I wasn’t sure how I was going to get on with this book, I’m not a Guinness drinker and wondered whether that lack of connection would hinder the reading, but it didn’t. I really enjoyed it.
This book is subtitled “A Biography of the Beer that Changed the World” which is true, but this book is also a biography of a family, the biography of a company and to a certain extent the biography of a country.
I used to do some work for Diageo who now own the Guinness brand so was interested to understand the history of the company. Like many of the great brands it turns out that Guinness was born out of the vision of one man and maintained through a number of generations, each of them holding true to an overall philosophy.
Speaking as a product of my age, who only knows beer as a highly commercialised product, I was surprised by the ancient history of beer which is covered as an introduction to the book. I particularly liked the idea that St. Patrick won over many an Irish tribal chief with his tasty beer.
Arthur Guinness the founder of Guinness sounds like a fascinating person – forward looking and practical. Reading about Arthur I’m drawn to a man of action and of principle. Many companies talk about Corporate Responsibility, it’s a current trend, and Guinness stands as a historic example that few come close to.
It’s fascinating to read, though, about a family that continues on through the generations with the same set of high principles inspired by Arthur. It seems that there are only two career choices for Guinness’s – brewing or the clergy. Their influences read like a who’s who of western Christianity – Wesley, Whitfield, Barnardo, Hudson Taylor, Spurgeon, Moody, Booth, Shaftsbury.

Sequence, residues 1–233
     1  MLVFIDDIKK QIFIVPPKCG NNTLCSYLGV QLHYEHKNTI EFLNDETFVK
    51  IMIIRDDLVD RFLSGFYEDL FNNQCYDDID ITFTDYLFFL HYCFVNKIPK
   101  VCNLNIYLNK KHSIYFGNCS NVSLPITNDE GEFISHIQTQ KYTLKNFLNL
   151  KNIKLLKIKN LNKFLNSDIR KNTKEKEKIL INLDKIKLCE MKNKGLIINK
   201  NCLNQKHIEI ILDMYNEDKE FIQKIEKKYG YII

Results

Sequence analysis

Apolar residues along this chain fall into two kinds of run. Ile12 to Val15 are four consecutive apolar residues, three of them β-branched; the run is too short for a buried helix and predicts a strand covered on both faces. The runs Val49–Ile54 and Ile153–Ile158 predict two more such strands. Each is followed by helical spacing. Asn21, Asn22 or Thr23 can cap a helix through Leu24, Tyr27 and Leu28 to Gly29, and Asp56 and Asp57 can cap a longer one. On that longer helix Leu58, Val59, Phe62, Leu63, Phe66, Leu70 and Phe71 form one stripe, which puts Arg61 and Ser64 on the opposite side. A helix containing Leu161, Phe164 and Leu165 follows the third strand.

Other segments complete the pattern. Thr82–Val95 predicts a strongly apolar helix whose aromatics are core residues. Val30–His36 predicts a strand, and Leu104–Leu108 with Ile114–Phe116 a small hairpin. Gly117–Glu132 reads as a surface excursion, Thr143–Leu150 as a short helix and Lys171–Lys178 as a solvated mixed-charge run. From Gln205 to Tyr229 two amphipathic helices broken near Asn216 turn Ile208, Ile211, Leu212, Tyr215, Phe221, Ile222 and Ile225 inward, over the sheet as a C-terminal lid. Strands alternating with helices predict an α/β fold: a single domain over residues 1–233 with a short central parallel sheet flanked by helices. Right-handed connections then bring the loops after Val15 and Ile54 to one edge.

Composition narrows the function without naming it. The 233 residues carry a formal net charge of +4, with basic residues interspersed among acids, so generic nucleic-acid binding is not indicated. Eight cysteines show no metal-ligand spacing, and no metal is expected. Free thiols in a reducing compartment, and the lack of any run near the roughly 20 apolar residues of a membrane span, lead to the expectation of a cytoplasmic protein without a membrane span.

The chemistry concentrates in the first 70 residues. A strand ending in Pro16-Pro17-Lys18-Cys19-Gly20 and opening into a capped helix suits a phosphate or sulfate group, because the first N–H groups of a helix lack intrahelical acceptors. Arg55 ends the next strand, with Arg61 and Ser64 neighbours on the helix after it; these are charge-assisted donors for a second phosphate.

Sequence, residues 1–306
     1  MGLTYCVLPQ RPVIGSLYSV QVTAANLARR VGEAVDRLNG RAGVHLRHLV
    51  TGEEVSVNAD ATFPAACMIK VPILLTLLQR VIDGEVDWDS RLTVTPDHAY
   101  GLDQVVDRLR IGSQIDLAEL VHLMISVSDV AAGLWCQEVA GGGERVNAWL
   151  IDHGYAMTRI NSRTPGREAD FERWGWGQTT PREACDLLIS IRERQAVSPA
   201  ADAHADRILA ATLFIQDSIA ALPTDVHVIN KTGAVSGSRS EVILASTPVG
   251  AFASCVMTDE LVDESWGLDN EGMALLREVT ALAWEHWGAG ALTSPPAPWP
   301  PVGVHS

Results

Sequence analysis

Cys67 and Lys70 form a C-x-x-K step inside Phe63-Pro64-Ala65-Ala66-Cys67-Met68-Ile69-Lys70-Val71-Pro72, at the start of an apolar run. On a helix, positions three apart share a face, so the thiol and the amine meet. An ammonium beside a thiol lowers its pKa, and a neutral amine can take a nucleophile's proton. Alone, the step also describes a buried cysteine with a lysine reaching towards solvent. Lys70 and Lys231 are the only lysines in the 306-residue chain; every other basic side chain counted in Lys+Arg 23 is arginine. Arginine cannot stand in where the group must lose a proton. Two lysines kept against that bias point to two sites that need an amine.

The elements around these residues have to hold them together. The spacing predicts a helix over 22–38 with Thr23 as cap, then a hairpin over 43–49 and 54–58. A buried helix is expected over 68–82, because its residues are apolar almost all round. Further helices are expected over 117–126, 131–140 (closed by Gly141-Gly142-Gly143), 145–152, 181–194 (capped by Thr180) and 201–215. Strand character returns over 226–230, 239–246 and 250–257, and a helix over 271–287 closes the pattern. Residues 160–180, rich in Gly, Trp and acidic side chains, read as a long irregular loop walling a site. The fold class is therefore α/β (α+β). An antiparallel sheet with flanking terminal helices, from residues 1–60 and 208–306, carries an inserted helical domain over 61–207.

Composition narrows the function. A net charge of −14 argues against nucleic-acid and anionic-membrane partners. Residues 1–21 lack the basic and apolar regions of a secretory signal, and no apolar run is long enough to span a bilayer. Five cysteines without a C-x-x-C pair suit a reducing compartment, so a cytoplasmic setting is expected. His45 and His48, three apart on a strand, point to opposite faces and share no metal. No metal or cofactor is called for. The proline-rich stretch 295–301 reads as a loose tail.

My favourite of the family has to be Rupert Guinness who, having received £5 million as wedding gift decided that he’s going to move into a slum and to use the money to improve the community where he was living.
The book also goes on to talk about the more modern company that is Guinness and in particular their use of advertising. Imagine releasing tens of thousands of bottles of Guinness into the seas as an advertising gimmick these days – but that’s exactly what they did in 1954 and 1959, and these bottles are still being found.
I enjoy biography most of the time, and this book was no exception. It’s a great mix of history, biography and story. It’s also immensely challenging to see what one family can achieve.
Amazon: The Search for God and Guinness.
(This is the first book review I’ve done, but I think I’ll do some more of them. Let me know what you think.)